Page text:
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There’s something inherently satisfying about travelling in a circle: departing from a place and returning to that same place after a period of time, changed by all you’ve experienced along the way. That was why the communities situated along the Pacific Marine Circle — all popular tourism destinations in their own right — decided in late 2019 to band together and promote the entire route as the Spirit Loop. They could not have known, of course, that within a few months travel would cease altogether, nor that after two years of lockdowns, shifting public health restrictions, grim headlines and constant, low-level dread, rediscovering your spirit on a self-paced journey through old-growth forests, wild coastal vistas and friendly seaside communities would start to seem more like a genuine prescription for wellness than just pretty marketing.

“I think we’ve all changed a little bit,” says Donna Petrie, manager of business development and events for the City of Langford. “We’ve all had this realignment with ourselves, with the world, with our community.”

Travelling the Spirit Loop, she adds, particularly solo, as I’m doing, is as much an inward journey as it is a physical one — a way to reconnect with yourself as you re-enter the world.

My pandemic story is inextricably linked with the beginning of my son’s life. The day before Canada went into lockdown, I watched in amazement as he kicked and rolled and waved in response to the probing of the ultrasound technician. I attended the rest of my prenatal checkups alone. My first glimpses of my newborn were obscured by a face mask soaked with sweat and tears.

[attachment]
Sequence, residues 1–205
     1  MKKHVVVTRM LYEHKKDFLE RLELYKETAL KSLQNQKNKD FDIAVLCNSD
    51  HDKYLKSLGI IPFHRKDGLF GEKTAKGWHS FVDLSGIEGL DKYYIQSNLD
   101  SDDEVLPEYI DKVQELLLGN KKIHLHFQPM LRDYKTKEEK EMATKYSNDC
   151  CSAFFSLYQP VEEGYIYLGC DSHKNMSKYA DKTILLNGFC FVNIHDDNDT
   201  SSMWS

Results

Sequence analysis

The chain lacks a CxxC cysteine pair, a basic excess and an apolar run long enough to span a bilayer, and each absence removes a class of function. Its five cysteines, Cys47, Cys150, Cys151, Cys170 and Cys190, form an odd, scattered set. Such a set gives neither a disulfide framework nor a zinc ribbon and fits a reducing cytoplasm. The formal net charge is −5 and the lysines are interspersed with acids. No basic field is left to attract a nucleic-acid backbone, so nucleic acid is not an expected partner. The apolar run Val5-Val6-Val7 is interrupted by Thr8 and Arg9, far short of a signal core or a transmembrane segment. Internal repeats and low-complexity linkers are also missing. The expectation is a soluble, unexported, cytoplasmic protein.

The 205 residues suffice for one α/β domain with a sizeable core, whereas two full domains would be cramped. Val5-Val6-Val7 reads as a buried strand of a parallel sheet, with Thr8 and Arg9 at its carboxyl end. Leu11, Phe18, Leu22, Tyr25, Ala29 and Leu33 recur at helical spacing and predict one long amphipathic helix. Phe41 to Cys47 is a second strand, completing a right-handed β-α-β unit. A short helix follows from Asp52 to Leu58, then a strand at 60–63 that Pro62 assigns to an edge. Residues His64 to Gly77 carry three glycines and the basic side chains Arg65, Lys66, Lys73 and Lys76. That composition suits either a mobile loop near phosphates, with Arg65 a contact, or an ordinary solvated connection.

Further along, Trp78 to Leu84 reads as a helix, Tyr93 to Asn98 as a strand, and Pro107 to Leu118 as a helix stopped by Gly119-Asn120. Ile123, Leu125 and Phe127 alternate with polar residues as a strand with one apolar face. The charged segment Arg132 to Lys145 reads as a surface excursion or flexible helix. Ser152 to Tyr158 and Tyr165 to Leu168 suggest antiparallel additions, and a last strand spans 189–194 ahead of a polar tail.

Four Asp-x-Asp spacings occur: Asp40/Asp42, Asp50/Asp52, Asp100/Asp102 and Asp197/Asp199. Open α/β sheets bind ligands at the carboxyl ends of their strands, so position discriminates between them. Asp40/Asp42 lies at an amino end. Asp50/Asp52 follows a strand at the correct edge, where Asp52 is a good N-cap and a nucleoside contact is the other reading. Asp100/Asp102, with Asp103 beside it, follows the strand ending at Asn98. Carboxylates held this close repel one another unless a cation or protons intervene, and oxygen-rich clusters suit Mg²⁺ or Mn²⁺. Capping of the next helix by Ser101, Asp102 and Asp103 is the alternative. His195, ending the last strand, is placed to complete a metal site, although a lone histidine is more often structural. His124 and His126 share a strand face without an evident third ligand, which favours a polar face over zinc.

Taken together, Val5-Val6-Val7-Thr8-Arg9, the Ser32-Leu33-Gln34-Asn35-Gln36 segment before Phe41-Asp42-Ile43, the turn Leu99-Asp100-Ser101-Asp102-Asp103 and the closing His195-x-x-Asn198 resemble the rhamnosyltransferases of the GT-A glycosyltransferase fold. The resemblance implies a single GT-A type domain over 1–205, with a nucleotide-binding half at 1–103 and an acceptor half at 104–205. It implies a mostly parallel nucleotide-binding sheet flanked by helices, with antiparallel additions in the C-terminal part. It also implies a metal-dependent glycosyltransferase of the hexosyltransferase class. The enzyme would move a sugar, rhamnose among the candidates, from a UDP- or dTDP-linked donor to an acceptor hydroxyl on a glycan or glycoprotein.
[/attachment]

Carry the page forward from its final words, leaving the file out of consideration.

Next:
It turned out that I had birthed a barnacle baby. A stage 5 clinger who preferred to sleep in his parents’ arms for the first year of his life and still wakes every couple of hours for milk, or water, or just to make sure we’re still there. I understood that closeness, for babies, is a biological imperative, but sometimes, on dim, lonely days, rocking my son to sleep in our beat-up old armchair, I would wonder if his particular intensity was a product of nature or circumstance.

When I first got pregnant, before “social distancing” entered the vernacular, I resolved not to lose myself in motherhood — I would keep going to the Running Room three times a week, keep seeing my friends, make time for hobbies, check out restaurants and hiking trails with my little family. There was some of that eventually, but mostly what I remember, with a mixture of longing and regret, are the long hours in the armchair by the window, alone, with my sleeping baby heavy in my arms.